Heart failure: how can we prevent the epidemic?

Duncan J Campbell
Med J Aust 2003; 179 (8): 422-425.


  • Heart failure prevalence is increasing because of the ageing of the population and the longer survival of people experiencing myocardial infarction and heart failure. The lifetime risk of developing heart failure in Western countries is about 20%.

  • The increasing prevalence of overweight, obesity and diabetes is likely to accelerate heart failure incidence.

  • While there have been major advances in treating heart failure, a preventive approach promises greater benefit to a larger proportion of the community.

  • The medical strategy for heart failure prevention, based on calculation of individual risk, is focused on the minority of individuals who exceed an arbitrary risk threshold.

  • A public health strategy targeting the whole population offers a greater prospect of reducing the incidence of heart failure and other cardiovascular disease.

  • A multitiered approach, encompassing environmental determinants of lifestyle, legislation, and education about healthy lifestyles throughout life, in addition to aggressive control of risk factors in high-risk individuals, is likely to have the greatest impact.

Please login with your free MJA account to view this article in full

  • Duncan J Campbell

  • St Vincent's Institute of Medical Research and Department of Medicine, University of Melbourne, Fitzroy, VIC.



The author has received a Career Development Fellowship from the National Heart Foundation of Australia.

Competing interests:

None identified.

  • 1. Blyth FM, Lazarus R, Ross D, et al. Burden and outcomes of hospitalisation for congestive cardiac failure. Med J Aust 1997; 167: 67-70. <MJA full text>
  • 2. Lloyd-Jones DM, Larson MG, Leip EP, et al. Lifetime risk for developing congestive heart failure. The Framingham Heart Study. Circulation 2002; 106: 3068-3072.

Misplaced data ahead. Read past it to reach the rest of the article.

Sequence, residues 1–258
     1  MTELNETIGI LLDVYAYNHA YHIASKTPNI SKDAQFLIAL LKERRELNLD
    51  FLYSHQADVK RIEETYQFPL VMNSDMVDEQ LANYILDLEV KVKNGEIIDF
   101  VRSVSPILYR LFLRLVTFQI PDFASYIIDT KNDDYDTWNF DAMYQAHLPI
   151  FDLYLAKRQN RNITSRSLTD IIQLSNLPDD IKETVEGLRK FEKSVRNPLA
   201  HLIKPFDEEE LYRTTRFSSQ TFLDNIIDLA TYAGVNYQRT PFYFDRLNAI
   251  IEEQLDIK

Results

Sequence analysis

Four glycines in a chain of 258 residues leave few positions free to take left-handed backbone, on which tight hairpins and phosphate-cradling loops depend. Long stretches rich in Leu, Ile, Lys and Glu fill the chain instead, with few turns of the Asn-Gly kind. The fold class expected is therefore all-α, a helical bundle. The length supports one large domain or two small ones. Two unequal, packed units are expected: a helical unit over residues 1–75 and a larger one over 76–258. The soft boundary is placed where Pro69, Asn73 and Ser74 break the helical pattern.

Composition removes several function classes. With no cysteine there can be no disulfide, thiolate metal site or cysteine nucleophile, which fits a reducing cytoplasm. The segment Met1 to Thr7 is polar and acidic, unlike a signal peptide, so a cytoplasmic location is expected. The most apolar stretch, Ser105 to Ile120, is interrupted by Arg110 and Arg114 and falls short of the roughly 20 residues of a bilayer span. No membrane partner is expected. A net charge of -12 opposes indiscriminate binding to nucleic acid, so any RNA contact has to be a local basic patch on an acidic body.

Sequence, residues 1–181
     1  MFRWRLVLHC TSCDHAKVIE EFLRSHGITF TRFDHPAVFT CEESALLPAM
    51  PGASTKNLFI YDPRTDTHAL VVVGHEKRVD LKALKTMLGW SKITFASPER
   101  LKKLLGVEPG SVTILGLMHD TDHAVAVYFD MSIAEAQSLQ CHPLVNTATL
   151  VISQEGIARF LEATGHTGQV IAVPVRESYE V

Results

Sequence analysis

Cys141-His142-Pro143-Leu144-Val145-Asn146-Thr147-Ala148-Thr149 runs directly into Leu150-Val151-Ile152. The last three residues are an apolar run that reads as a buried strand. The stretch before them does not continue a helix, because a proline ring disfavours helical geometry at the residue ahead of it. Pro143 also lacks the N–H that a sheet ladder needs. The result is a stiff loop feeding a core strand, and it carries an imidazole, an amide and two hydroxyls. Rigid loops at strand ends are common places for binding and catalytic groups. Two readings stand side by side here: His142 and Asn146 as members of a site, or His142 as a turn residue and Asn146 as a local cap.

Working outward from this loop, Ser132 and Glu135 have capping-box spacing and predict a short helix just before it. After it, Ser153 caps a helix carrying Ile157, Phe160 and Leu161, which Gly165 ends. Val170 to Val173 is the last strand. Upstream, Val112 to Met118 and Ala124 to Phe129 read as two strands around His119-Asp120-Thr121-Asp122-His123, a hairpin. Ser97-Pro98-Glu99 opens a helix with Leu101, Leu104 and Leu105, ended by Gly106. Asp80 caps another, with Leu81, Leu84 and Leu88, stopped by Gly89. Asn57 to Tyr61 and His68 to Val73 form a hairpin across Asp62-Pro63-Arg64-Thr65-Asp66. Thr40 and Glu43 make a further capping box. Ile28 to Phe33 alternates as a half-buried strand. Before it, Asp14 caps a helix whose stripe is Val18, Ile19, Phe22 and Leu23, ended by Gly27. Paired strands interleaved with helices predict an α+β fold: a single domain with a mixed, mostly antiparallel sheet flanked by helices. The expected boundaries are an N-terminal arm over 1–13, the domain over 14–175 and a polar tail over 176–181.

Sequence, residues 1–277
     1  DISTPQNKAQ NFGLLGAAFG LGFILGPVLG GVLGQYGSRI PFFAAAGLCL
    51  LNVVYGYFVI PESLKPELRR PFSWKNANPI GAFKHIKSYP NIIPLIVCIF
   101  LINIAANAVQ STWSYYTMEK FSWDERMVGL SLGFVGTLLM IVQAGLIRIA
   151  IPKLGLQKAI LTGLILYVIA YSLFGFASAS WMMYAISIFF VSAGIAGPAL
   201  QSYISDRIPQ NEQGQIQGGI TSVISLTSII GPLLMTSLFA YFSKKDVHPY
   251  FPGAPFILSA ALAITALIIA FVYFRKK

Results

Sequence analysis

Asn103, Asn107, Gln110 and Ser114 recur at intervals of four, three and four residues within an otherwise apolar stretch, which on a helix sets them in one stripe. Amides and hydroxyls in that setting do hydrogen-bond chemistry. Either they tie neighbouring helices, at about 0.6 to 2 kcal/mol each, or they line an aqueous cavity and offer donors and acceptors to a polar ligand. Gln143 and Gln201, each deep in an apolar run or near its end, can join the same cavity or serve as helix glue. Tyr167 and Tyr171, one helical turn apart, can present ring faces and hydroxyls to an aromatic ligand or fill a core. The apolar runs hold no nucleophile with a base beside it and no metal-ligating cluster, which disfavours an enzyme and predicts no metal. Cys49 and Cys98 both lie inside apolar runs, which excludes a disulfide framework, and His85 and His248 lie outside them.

• 3. Australian Institute of Health and Welfare. Field B. Heart failure . . . what of the future? AIHW Bulletin No. 6. Canberra: AIHW, 2003. (AIHW Catalogue No. AUS-34.)
  • 4. Morgan S, Smith H, Simpson I, et al. Prevalence and clinical characteristics of left ventricular dysfunction among elderly patients in general practice setting: cross sectional survey. BMJ 1999; 318: 368-372.
  • 5. Krum H, Tonkin AM, Currie R, et al. Chronic heart failure in Australian general practice. The Cardiac Awareness Survey and Evaluation (CASE) Study. Med J Aust 2001; 174: 439-444. <MJA full text>
  • 6. Macdonald PS, O’Rourke MF. Cardiovascular ageing and heart failure. Med J Aust 1998; 169: 480-484.
  • 7. Yusuf S, Pitt B. A lifetime of prevention: the case of heart failure. Circulation 2002; 106: 2997-2998.
  • 8. Horowitz JD, Stewart S. Heart failure in older people: the epidemic we had to have. Med J Aust 2001; 174: 432-433. <MJA full text>
  • 9. Rose G. The strategy of preventive medicine. Oxford: Oxford University Press, 1992.
  • 10. Beaglehole R, Magnus P. The search for new risk factors for coronary heart disease: occupational therapy for epidemiologists? Int J Epidemiol 2002; 31: 1117-1122; author reply 1134-1135.
  • 11. Australian Institute of Health and Welfare. Heart, stroke and vascular diseases — Australian facts 2001. Canberra: AIHW, National Heart Foundation of Australia, National Stroke Foundation of Australia, 2001. (Cardiovascular Disease Series No. 14.)
  • 12. Cameron AJ, Welborn TA, Zimmet PZ, et al. Overweight and obesity in Australia: the 1999-2000 Australian Diabetes, Obesity and Lifestyle Study (AusDiab). Med J Aust 2003; 178: 427-432. <MJA full text>
  • 13. Massie BM. Obesity and heart failure — risk factor or mechanism? N Engl J Med 2002; 347: 358-359.
  • 14. Lakatta EG, Levy D. Arterial and cardiac aging: major shareholders in cardiovascular disease enterprises. Part I: aging arteries: a “set up” for vascular disease. Circulation 2003; 107: 139-146.
  • 15. Tonkin AM, Lim SS, Schirmer H. Cardiovascular risk factors: when should we treat? Med J Aust 2003; 178: 101-102. <MJA full text>